Like any other artist, a flower designer needs different tools!
There are a variety of tools used for cutting flowers. These are the tools I use most often for cutting the variety of flowers I choose.
I use pruning shears for cutting flowers from the plant , and also heavy stems such as evergreens. This tool easily cuts through the bark and makes a clean cut. I sometimes use pruning shears to cut flowers underwater.
Ribbon scissors are used exclusively for ribbon. This pair of scissors need to be very sharp. This allows a clean, sharp cut on the ribbon. I try not to use these on wired ribbon. This may dull the scissors. I may cut the ribbon with a pair of shears, pull through the wire on the end, then make a clean, angle cut on the ribbon ends.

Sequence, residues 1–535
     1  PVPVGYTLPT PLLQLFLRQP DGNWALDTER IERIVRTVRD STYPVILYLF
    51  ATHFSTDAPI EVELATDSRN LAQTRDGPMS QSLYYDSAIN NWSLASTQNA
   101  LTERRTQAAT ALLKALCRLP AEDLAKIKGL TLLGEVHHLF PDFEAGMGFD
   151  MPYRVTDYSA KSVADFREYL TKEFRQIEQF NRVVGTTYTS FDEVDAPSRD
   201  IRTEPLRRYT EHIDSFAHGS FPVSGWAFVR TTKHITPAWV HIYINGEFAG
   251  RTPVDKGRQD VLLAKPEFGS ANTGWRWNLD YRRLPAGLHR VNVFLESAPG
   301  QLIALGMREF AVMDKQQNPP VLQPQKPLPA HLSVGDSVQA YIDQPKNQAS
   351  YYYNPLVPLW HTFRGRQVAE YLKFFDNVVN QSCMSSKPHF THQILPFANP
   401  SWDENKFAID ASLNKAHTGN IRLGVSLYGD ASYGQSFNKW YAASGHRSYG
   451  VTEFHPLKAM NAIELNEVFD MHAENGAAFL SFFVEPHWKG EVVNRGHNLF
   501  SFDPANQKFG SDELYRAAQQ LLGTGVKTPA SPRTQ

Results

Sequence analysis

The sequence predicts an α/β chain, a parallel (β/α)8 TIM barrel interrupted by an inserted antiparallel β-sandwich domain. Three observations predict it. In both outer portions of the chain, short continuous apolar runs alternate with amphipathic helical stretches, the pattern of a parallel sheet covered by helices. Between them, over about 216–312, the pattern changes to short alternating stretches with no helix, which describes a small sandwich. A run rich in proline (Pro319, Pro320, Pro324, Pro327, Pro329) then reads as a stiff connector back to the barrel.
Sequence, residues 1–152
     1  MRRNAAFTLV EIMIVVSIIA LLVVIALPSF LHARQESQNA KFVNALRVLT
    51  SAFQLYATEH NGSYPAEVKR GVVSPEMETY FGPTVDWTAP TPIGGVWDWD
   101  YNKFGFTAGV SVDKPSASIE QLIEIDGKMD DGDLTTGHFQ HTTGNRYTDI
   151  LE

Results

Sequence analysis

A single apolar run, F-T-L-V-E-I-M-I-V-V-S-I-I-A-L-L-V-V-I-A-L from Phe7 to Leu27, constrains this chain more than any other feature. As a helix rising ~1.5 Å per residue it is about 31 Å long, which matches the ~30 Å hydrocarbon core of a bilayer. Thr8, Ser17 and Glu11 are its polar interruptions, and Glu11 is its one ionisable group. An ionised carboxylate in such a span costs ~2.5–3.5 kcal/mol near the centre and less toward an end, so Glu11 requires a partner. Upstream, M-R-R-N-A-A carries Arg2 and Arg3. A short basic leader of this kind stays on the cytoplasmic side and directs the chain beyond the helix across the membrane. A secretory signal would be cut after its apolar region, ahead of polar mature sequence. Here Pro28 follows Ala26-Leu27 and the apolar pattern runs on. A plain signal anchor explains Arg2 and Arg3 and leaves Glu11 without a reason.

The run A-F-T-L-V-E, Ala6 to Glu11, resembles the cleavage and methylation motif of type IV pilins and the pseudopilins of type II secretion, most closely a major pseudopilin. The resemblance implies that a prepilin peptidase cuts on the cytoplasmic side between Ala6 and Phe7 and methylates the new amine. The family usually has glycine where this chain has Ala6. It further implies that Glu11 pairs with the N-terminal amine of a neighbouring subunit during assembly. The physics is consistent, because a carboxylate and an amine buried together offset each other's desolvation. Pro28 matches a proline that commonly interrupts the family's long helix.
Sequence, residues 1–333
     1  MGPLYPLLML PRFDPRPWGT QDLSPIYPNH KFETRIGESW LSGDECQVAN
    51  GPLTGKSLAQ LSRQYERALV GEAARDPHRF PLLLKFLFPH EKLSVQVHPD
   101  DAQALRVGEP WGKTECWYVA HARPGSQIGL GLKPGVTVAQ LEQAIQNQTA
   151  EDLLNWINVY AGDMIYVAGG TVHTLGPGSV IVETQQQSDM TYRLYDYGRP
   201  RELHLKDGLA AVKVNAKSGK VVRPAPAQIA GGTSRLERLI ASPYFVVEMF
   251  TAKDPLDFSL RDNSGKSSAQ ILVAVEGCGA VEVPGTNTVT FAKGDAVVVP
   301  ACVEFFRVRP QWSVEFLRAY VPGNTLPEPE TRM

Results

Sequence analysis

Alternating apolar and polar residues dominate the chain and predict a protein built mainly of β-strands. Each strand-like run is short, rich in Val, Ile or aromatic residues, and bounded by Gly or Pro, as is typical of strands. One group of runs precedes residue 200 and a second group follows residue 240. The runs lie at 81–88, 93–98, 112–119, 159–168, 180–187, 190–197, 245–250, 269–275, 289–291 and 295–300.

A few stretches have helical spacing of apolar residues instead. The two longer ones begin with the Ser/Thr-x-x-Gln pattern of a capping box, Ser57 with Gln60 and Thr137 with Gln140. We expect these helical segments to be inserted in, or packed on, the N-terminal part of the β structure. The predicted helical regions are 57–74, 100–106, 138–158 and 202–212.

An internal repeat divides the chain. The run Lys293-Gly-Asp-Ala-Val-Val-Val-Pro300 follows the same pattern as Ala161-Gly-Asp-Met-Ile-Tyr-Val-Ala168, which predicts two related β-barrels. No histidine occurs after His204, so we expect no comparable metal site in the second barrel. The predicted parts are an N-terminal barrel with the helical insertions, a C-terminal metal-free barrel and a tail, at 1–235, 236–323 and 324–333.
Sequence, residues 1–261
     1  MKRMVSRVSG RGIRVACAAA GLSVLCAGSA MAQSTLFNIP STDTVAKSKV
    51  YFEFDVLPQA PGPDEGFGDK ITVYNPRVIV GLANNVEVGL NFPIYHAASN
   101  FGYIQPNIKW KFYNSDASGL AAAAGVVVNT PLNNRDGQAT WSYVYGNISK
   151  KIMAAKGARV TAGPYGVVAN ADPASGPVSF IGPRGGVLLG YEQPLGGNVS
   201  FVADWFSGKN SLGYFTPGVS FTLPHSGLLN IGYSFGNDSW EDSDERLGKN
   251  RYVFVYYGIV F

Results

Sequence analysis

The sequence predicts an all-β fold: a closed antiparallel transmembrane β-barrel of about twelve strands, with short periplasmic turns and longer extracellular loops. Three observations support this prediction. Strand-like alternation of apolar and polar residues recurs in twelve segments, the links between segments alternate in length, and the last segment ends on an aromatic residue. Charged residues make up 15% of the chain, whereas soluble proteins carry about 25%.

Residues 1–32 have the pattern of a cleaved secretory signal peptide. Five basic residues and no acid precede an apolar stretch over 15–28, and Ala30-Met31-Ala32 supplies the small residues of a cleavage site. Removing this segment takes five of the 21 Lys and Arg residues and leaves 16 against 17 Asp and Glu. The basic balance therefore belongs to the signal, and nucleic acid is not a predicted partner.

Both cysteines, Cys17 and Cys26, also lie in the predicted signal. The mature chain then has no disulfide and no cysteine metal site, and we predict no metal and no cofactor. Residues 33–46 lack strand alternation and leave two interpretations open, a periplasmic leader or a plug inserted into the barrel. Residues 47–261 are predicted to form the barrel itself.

Shears are another pair of scissors that are used by designers. My Mother used shears, instead of a knife, to design flower arrangements. These shears are multipurpose. They can cut flowers, thin wire, plastic, and other thin solid surfaces. Shears are usually serrated. This can cut through heavier objects.
Another cutting tool is the florist knife. There are different styles of knives. The knife I used is a foldable knife. It is very sharp. It takes practice to use a knife. To use a knife, learn the hold the knife at a 45 degree angle against the stem of the flower. The trick is to pull the stem against the stationary knife. This helps prevent cutting your thumb.
Remember, practice is the best way to learn control and speed when using the tools for flower designing.
Let's Look At - MY Toolbox . . .
A toolbox keeps essentials together!